1 - 11 pounds
15" - 39"
Pike-Perch or commonly known as a Zander are fish that are commonly used as bait for big catfishes like the Channel Catfish and the Black Bullhead or even for fishing Sea Bass. Despite being common bait, the Pike-Perch is considered the largest member of the Perch family. It has a torpedo-shaped body which helps them lower the friction of water as they swim, especially since they loiter more in rivers.
On the back and from a dorsal (top) view, it has a faded olive-green color which eventually merges with the cream white gradient on its belly. However, you’ll also notice that the back has jet black, vertical columns that stop right above a fading grey-black line that runs across its belly. The Pike-Perch’s dorsal fin is split into two sections: one containing 13-20 spines while the other part has 18-24 soft rays. Its anal fin is also composed of 2-3 rays accompanied with 10-14 softer ones. It also has a short but forked tailfin.
Aesthetically, you’ll also notice that the Pike-Perch has a bit of a snout and bulging eyes. Despite their slender body, the Pike-Perches have powerful jaws that can snap up their prey without any problems.
A Pike-Perch has a strong jaw for a reason. Mainly, Pike-Perch prefers a carnivorous-piscine diet. They feast on small fish and have a preference for the small fish that school (probably to make the most out of their voracious appetite). However, some have reported that the Pike-Perch in the United Kingdom also like feeding on common roaches and Gudgeon.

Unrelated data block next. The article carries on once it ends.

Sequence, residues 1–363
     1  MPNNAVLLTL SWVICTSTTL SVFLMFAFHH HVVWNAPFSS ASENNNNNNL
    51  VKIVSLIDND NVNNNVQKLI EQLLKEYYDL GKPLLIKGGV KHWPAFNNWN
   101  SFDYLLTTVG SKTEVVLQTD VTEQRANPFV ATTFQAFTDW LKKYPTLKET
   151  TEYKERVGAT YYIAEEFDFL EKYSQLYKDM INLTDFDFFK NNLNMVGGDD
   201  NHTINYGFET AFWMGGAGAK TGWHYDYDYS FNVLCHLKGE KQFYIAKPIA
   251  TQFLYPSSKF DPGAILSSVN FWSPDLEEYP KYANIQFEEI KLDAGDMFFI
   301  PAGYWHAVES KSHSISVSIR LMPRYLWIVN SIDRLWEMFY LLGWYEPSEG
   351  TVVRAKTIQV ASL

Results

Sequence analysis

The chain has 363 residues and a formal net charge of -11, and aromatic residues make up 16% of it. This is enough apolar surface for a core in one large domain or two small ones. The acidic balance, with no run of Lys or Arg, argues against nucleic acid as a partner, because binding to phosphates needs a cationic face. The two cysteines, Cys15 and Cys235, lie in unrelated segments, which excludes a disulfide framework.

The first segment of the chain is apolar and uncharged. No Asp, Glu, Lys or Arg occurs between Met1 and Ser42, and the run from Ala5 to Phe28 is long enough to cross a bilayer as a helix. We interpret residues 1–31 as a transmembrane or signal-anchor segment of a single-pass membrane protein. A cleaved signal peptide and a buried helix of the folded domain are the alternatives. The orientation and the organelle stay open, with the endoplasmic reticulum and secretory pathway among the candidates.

Adult Pike-Perches can grow up to 39 inches (100 cm) though, on average they usually hit only 20 inches (50 cm). Usually, in lakes, Pike-Perches can be smaller due to overcrowding in comparison to some Pike-Perches that grow in rivers. However, someone reported catching a Pike-Perch that grew up to 11.48 kg (25.3 lbs) and 47 inches (120 cm).
To get a Pike-Perch to go to you, you first have to go to its water body of choice: freshwater body but with murky waters. Some say even the canals where boats travel is the best place to fish for a Pike-Perch. Once you arrive there, you can set up your equipment.
Pike-Perch have a preference for dead bait. However, some can use live-bait but only if it’s not too alive. If it’s too alive, it may end up driving the Pike-Perch away. At the same time, depending on where you are fishing, there might be some rules about live bait just so you don’t introduce diseases into the water. Some people would even prefer if you caught the bait yourself there. Some possible baits for the Pike-Perch include common roaches or a Skimmer Bream. Mackerel is a good bait as well as it can withstand multiple casts. Small lures are also best to use to attract it to you for an easy time.
Unlike their cousin, the Walleye, the Pike-Perch can withstand both brackish and freshwater bodies. However, they do have a preference for freshwater especially if it’s a large river or a lake that’s over nourished to the point of having a lot of algae blooms. But some people have reported seeing Pike-Perches living in coastal lakes and estuaries but quickly move up the river should it be time for them to spawn.
If in Europe, some people mentioned that they grow well in canals. They usually are found near boats where they feast on leftover trout and leftover salmon.